April 10, 2003 2:50 PM PDT
MySQL boasts might against big players
The Swedish company, which develops open-source database software, is making its way into markets once dominated by proprietary database vendors such as Oracle, IBM, Microsoft and Sybase. During a keynote address Thursday morning, co-founder David Axmark said more than 29,000 people are downloading MySQL each day, and it has more than 4 million users worldwide.
"Compared to when we started we are a very real company," Axmark told some of the conference's 500 attendees here. MySQL, which had just 20 employees as recently as two years ago, has grown to about 65 full- and part-time workers today.
Companies including backup software maker Arkeia and customer relationship management software makers SupportWizard and TechExcel said they are planning to announce support for MySQL database on Friday.
MySQL offers a dual licensing model for its software, meaning people who download the company's database software for free must make any modifications available to the public. Alternatively, people can pay to keep their changes private. The company gets its revenue by selling services, certification courses and paid versions of the product.
In a report released in March, Charlie Garry, an analyst with research firm Meta Group, said MySQL could make significant inroads into the database market if it can overcome uncertainty and confusion surrounding the open-source model. "MySQL is the wildcard in the competitive $12 billion database market," Garry wrote, adding that the company is attacking market leaders using a combination of open-source and commercial licensing to speed the adoption of its software.
MySQL is aiming for speedier development cycles than most database companies. The company is currently focusing on two products: MySQL versions 4.1 and 5.0. It released the binaries of 4.1 this week and plans to unveil a final version in about eight months. A final version 5.0 should be available about six months after that.
The company characterized MySQL 4.1 as the "big boy" of its upcoming releases. New features will include higher-speed key caching, which is a core component that handles memory allocation; subqueries, which provide for more tailored searches; and a feature that allows searches based on geographical data, something that companies offering Internet dating sites are demanding.
The company also is promising a concerted push into the enterprise market with MySQL 5.0, which will build on some of the features in 4.1.
Developers cheered several features promised in 5.0 including: foreign key support; a system that would automatically alert administrators when there's a problem; and the long-awaited stored procedures, which allow a command or series of commands to be prebuilt for later use.
However, some developers expressed concerns that the company would abandon its core fans with its enterprise push. Several worried that a MySQL product geared toward large businesses would sacrifice speed and efficiency to kowtow to corporate needs. Some company representatives said MySQL might consider two versions of the product for larger and smaller users, but others said that plan wouldn't be part of its roadmap.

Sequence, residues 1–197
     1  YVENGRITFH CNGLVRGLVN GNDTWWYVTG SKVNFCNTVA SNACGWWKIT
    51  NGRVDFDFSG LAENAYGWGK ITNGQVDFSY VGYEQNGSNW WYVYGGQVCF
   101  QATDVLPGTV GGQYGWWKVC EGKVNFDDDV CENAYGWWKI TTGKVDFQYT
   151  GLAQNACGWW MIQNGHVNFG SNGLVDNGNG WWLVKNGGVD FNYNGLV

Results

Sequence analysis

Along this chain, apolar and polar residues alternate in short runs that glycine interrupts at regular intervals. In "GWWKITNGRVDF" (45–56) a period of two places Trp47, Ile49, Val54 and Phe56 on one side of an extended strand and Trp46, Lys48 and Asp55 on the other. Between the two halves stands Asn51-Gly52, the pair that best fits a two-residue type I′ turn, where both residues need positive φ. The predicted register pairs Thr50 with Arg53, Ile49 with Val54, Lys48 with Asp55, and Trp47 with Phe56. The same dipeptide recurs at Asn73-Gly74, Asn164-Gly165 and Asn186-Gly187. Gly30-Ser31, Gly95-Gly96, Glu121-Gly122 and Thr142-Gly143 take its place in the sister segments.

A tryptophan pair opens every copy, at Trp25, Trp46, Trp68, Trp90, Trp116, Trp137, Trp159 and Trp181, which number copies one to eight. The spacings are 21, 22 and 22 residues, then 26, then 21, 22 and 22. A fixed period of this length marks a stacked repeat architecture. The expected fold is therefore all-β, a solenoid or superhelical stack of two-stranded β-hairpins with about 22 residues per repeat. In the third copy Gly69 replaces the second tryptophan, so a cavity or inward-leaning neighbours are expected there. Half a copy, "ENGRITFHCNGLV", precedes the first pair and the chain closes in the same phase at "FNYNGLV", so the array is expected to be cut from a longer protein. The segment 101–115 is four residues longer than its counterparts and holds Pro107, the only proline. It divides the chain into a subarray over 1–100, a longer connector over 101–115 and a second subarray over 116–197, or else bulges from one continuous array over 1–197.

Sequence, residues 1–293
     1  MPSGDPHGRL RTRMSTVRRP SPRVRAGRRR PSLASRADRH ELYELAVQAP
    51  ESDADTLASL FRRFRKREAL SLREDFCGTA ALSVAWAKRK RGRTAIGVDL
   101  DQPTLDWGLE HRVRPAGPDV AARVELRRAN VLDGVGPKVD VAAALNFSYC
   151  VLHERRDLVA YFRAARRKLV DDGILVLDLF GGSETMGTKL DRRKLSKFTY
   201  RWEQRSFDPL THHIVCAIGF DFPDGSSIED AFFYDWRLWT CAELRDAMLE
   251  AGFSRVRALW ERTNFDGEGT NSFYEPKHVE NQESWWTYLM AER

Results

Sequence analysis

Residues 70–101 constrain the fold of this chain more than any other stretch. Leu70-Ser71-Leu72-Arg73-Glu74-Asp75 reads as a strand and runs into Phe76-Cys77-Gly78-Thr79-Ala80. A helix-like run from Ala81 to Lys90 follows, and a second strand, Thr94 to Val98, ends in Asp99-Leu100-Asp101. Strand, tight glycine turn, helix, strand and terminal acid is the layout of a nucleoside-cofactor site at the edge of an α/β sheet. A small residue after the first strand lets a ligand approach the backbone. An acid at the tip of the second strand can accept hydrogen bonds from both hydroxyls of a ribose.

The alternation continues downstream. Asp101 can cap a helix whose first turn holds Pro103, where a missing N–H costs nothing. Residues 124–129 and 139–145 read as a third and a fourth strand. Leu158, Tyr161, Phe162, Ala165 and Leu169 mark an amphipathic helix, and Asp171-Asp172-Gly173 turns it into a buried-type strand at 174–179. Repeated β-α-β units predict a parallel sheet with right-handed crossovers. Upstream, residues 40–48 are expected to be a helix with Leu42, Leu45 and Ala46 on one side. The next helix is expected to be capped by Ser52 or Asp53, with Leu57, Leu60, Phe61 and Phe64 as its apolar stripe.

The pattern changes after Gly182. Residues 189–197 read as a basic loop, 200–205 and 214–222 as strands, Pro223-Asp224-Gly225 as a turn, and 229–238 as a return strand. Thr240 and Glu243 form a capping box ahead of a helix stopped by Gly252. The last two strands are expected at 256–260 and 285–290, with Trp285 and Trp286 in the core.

Nearly all of the features planned for upcoming products are already available in database products offered by the bigger vendors. MySQL tries to differentiate itself by offering database software that is cheaper and open source, meaning people can tinker under the hood and keep the company on its toes by testing early versions of the product and reporting bugs.
"Even the most esoteric features get widely tested," Axmark said. "We'll fix the stupid small bugs."
And MySQL's popularity seems to be growing. Yahoo and Google use the software to run many parts of their Web sites.
Axmark said that according to Google, MySQL.com attracts nearly twice as many links as Oracle.com, and the word "MySQL" attracts slightly more mentions on the Web than "oracle," even though oracle has many other meanings than just a database seller. What's more, the company said, downloads of Microsoft versions of MySQL outnumber Linux versions by at least four to one.
Although the company has been around for eight years, this is the first time users have met in person to swap development tips and tales. Because most development work and customer interaction takes place over the Internet, most MySQL fans have never met face to face.
In fact, people who want to use the free product can download it without ever identifying themselves. Company representatives said they decided to hold a real-world confab to meet their customer base and to dispel any misconceptions that MySQL isn't planning to bolster its database with features and functions that more businesses have been asking for.
And it wouldn't be an open-source gathering without a mascot. Sakila the dolphin was plastered on T-shirts, bags and notepads throughout the conference hall. MySQL's Axmark said the company chose the dolphin because it's fast, clever and good looking. "They also group up to kill sharks," he said.